WASHINGTON ― The average daily population at Rikers Island has dropped by 18 percent since 2013, while crime in New York City has reached record lows, according to new data provided to The Huffington Post and set to be released by Mayor Bill de Blasio’s administration. That makes New York City one of the only big cities where both jail use and the crime rate are falling.
The average daily population at Rikers went from 11,696 in 2013 to 9,758 in 2016, and is down to 9,362 this month.
Nationwide, the latest available federal data shows that the population at local jails was 731,200 in 2013, rose to 744,600 in 2014, and then dropped to 728,200 in 2015. Data is not yet available for 2016, but the overall incarceration numbers in the U.S. are expected to remain flat from 2015 to 2016.
De Blasio set out to lower the Rikers population after he took office in January 2014. His administration credits the drop in the jail population to its efforts in diverting mentally ill people from jail, making it easier to pay bail and promoting alternatives to incarceration. One example: The number of individuals stuck in jail on a bail of less than $2,000 has dropped by 36 percent in New York City. That’s an average of 244 fewer people locked up at Rikers on less than $2,000 bail on an average day.
“The number of people incarcerated in the U.S. did not fall in the last year, and our nation’s incarcerated population remains the largest in the world. But New York City has a different story to tell – we are making every effort to ensure that people who do not need to be behind bars are not, all while keeping crime at historic lows,” de Blasio said in a statement to HuffPost.
“In the last three years, we’ve been working from every angle to keep lower-level offenders out of jail and speed up case delays, and the total jail population has dropped 18% and the population just at Rikers Island has sunk 23% – that’s significant progress,” de Blasio stated.
For decades, law enforcement has operated on the belief that a higher incarceration rate removes criminals from the streets and results in lower crime rates. But New York City’s track record shows that’s not necessarily the case, as criminal justice reform advocates have long suggested.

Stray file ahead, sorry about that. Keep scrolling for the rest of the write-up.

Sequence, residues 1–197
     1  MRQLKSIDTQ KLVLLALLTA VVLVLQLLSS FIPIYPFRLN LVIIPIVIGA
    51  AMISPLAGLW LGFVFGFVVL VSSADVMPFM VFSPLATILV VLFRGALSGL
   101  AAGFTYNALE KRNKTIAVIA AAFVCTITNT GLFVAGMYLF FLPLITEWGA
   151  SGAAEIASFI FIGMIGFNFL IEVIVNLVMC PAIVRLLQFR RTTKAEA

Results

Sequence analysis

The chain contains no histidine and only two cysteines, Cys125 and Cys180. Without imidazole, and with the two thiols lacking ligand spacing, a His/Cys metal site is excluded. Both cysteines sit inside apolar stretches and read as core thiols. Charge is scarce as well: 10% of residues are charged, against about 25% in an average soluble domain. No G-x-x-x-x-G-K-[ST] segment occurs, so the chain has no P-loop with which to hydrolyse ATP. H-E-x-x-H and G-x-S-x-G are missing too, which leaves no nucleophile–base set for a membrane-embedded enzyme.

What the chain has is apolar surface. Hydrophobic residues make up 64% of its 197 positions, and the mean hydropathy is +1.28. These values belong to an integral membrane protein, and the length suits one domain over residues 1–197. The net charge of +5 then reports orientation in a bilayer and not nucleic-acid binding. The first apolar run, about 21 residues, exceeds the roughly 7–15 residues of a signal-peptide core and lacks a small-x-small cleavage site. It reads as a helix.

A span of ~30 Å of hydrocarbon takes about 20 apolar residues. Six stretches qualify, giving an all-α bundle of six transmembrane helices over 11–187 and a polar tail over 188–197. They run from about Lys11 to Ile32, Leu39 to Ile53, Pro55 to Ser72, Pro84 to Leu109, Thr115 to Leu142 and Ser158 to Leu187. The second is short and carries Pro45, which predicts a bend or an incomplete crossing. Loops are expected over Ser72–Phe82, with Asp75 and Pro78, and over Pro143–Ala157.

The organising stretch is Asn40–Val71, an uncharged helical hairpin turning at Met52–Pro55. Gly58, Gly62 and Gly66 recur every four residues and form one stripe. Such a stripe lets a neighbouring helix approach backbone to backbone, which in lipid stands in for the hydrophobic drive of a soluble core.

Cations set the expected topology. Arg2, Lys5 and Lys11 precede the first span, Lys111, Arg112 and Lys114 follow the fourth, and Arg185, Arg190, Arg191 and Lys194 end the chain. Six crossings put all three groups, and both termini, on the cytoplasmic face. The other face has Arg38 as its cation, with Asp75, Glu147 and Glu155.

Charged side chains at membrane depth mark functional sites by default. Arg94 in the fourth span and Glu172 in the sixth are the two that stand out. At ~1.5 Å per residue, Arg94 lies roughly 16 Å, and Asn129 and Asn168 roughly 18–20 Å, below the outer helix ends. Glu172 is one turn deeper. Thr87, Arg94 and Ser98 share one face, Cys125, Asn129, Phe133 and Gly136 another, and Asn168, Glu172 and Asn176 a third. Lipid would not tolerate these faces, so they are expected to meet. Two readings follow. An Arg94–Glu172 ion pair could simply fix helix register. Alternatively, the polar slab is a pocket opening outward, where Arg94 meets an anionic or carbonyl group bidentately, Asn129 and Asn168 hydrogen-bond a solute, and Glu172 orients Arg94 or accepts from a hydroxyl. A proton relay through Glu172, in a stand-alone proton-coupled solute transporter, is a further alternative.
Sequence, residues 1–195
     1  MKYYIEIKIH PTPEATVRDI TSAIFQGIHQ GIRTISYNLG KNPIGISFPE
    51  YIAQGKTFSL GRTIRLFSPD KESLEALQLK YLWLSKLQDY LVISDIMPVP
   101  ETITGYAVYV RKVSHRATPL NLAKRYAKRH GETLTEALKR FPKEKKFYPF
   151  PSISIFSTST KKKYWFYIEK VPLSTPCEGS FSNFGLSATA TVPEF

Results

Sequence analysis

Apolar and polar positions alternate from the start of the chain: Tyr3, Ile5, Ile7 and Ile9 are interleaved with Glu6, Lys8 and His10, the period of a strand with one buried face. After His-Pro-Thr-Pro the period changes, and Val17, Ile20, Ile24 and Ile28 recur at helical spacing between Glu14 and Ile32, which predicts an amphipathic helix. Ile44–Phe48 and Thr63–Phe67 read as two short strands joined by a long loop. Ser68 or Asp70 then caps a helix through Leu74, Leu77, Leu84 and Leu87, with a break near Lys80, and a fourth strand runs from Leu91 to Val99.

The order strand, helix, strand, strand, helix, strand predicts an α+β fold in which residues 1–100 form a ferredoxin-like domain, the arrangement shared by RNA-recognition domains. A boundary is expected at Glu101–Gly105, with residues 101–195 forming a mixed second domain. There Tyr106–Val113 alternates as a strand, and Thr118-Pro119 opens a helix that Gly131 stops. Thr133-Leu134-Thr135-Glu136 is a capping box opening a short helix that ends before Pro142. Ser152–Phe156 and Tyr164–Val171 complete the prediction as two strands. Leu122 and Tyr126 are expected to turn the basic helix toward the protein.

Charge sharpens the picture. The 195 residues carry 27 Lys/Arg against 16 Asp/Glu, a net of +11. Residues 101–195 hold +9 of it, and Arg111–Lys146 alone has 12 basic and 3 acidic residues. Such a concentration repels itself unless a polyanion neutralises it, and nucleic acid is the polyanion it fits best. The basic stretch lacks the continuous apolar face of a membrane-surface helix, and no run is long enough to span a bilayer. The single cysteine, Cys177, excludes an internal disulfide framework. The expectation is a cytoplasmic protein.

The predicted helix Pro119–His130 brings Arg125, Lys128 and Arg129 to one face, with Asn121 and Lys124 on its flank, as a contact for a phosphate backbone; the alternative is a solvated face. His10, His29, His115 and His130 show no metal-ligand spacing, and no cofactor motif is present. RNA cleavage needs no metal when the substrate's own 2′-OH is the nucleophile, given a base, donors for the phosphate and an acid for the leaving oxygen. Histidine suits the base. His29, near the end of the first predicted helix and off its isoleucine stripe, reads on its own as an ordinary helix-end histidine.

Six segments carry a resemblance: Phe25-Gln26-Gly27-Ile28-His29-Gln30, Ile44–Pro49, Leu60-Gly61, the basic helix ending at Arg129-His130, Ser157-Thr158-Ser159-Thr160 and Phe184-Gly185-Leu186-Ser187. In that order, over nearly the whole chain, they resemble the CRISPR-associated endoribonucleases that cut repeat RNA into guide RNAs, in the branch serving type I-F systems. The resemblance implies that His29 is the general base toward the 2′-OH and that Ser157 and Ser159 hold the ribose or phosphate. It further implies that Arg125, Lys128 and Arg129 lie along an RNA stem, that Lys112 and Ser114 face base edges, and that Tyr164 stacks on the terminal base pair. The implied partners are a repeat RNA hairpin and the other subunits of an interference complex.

The city’s record of lowering the jail population while also reducing crime makes it unique among major U.S. cities, wrote Elizabeth Glazer, director of the Mayor’s Office of Criminal Justice, in a new report.
“Over the long span of more than 20 years, crime has declined by 76% while the jail population has dropped by half,” Glazer wrote. “Over the last three years that trend has accelerated due to the intentional partnership and focus of all the parts of the criminal justice system: even as crime has gone down by 9%, the jail population has reduced by 16%.”
Rikers Island continues to face major problems, however. Just this week, a corrections officer was arrested on federal charges for allegedly beating a handcuffed inmate in the shower and then filing a false use-of-force report. A different inmate’s lawyer indicated he planned to file a lawsuit after another inmate slashed his client in the face over the weekend.
In December, a former Rikers corrections officer was found guilty for kicking an ill inmate in the head. The inmate later died.
The Huffington Post’s jail deaths project found that 13 individuals died at Rikers over the course of a single year (although that number of deaths per year is in line with the national average for a facility the size of Rikers).
Just 17.9 percent of Americans polled thought the main role of jails should be to punish convicted individuals, while 33 percent believed jails should help prevent crime by giving people treatment and services to help them avoid criminal activity, according to a recent poll conducted by RTI International and Zogby Analytics that was backed by the John D. and Catherine T. MacArthur Foundation.
The poll also found that 67.4 percent of individuals believed that the risk a person poses to public safety should be the main factor in determining pretrial release, while just 9.5 percent believed ability to pay bail and other fees should be the main factor.